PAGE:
To Use Or Not To Use? Thats is the question. Competeing with Vintage Cars.

Last month I posted a video clip of a vintage Bentley in very spirited action on the VSCC Welsh Trial – and it caused a lot of comment . Comment that was polarised between “Great to see it being used as intended” and “How can you do this to a fine old car?”   It seemed to stir up quite passionate views from either side  and was seem by thousands of people within a few days (the closest I have ever got to going viral) Click Here To See On YouTube

bentleyA couple of weeks later I posted another video from the Cotswold Trial. Same car, different family member at the wheel and while not quite so lurid, it got tongues wagging again due to the high revs WO Bentley’s masterpeiece was pulling as it neared to top of a tricky section, wheels spinning merrily, passngers bouncing away furiously.  Personally I enjoyed every moment of both, as did most of those watching. Click Here To Seebentley-30-98

Sports cars, of any age, should be used in a sporting manner , surely?  Some felt not. The way in which a large vintage car was being thrown up a muddy bank, over bumps and potholes, chiped by stones and scratched by undergrowth was anathema. That several younger enthusiasts (back in the day they would have been referred to as “Undergraduates”…whatever happened to that term?)  were in the back seats causing the rear springs to reach their extremes of flex in an attempt to aid grip was enough to produce a ‘fit of the vapours’ (what happened to that expression too?)

However many pointed out that aside from the whole point of having such a car was to enjoy using it as originally intended, it was also a case of anything that broke being fixable anyway. Nothing that was damaged could not be put right.  They are machines; they wear, they have componants replaced.  That’s life. model-a-sam-burgess

Extrapolating this argument it’s also said by many of those involved that putting vintage cars through this process on a regular basis, and there are numerous trials like this each season, has fostered a whole spares-and-repairs industry which is allowing other, non-competeing cars, to remain in working order. If the demand for new Bentley rear springs or Austin 7 front wings was not there, because so few were being consumed by gentle motoring, the companies that could produce them for less than a king’s ransom, would not be there . There would not be a commercially viable customer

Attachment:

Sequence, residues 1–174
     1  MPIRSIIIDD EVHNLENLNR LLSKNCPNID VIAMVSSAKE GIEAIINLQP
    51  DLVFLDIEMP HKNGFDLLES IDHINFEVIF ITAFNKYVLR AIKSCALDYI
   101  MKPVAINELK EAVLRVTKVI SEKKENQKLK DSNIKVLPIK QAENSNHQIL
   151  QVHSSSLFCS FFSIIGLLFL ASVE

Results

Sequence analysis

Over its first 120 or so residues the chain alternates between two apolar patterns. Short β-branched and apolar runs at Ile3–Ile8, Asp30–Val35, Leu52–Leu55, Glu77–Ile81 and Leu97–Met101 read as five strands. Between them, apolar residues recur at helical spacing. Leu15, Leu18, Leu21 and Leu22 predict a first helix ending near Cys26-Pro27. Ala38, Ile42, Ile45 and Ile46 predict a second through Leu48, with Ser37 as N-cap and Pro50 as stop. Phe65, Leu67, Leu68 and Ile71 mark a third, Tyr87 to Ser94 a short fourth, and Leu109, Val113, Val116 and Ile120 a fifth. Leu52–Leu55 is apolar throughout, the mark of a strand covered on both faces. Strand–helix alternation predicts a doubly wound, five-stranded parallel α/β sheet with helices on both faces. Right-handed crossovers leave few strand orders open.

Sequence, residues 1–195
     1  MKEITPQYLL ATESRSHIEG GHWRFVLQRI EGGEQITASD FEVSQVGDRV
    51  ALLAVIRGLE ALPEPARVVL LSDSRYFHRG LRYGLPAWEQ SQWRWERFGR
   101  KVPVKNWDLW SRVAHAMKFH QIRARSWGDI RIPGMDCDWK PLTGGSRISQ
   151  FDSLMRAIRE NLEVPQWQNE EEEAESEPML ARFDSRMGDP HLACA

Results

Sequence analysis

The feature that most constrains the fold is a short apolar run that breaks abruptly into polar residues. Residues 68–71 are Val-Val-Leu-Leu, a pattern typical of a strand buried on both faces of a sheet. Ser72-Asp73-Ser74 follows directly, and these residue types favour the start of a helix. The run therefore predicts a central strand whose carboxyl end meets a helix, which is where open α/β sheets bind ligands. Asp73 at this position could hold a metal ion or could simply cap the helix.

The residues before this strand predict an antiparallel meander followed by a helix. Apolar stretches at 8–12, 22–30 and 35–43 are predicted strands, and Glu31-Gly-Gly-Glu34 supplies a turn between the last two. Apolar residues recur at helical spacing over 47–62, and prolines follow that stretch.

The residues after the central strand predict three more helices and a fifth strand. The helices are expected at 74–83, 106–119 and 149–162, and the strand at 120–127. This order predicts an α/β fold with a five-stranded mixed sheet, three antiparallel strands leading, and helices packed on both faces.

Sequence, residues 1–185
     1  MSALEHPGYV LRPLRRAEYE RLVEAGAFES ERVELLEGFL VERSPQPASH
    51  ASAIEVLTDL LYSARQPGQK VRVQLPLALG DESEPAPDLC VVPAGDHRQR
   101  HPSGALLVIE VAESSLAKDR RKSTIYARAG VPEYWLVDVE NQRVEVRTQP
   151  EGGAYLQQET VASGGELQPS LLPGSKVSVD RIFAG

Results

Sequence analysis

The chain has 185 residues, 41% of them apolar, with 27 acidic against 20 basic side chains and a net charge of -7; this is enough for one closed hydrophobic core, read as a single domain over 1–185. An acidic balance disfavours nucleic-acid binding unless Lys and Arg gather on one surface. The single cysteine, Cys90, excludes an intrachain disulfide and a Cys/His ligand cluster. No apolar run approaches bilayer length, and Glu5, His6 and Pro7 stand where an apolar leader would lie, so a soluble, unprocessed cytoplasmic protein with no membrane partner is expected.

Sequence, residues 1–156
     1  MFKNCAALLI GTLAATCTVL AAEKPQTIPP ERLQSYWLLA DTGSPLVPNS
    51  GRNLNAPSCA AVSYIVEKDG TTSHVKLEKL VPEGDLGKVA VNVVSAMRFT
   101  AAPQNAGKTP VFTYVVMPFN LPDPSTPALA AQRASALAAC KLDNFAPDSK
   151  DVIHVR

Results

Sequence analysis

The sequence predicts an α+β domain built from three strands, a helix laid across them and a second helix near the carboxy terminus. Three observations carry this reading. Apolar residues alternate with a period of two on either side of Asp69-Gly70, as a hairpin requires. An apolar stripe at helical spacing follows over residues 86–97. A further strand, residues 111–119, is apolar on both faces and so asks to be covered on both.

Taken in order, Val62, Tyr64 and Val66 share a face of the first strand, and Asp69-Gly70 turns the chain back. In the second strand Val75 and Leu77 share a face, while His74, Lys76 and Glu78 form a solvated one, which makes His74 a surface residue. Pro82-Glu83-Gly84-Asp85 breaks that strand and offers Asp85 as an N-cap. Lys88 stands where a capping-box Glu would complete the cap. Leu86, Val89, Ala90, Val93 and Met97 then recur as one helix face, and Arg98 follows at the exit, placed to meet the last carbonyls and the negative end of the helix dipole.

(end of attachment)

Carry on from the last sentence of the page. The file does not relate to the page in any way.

I do concur that for some the sight of a fine vintage Bentley being given (as Basil Fawlty would say) a “good thrashing” is too much like fixing a Monet on your kitchen wall with drawing pins…

As in all good arguments, there are two sides and most of us, if honest, can see the merits of both. But then unlike a Monet, your vintage Bentley is surely not best enjoyed as a museum exhibit?




4 thoughts on “To Use Or Not To Use? Thats is the question. Competeing with Vintage Cars.

  1. Max Tyler

    Definitely classic cars should be used. 250GTOs should be raced. Cream Cracker MGs should be trialled. Anything else is just “museum” stuff and it may as well be a cardboard cut out for all the good anything is in a museum. Get it out there, drive it, break it, repair it, that’s the cycle of life that keeps us going. Concours is the devil’s work, get it dirty!

    1. simonlewis Post author

      Spot on Max. While we all appreciate a beautifully turned out car,I’m sure, the concours-style of perfection leaves me cold. I like to see some patina, some signs of age and use. A 90 year old car that looks like it was built last thursday might as well have been. In effect the search to make an old car ‘better than new’ is to polish away their history and personality. However, I accept it is entirely an owners choice either way. But for choice,give me the odd dent and some cracked original paint over a mirror-finish any time.

  2. Richard Newton

    Most of the cars in vintage racing are reproductions. Fewer than half the cars on the track have racing provenance. That changes the original question.

    History is not lost if one of these cars crash.

    1. simonlewis Post author

      I agree to some extent, even the cars with actual racing history often run replacement engines,gearboxes,axels etc while the originals are preserved out of the car. Thats fair enough. Better to see , for example, an ERA racing at full speed with a replacement engine block in the front than to have it as a static ‘relic’. Cars are by definition moving devices and should remain so where possible.

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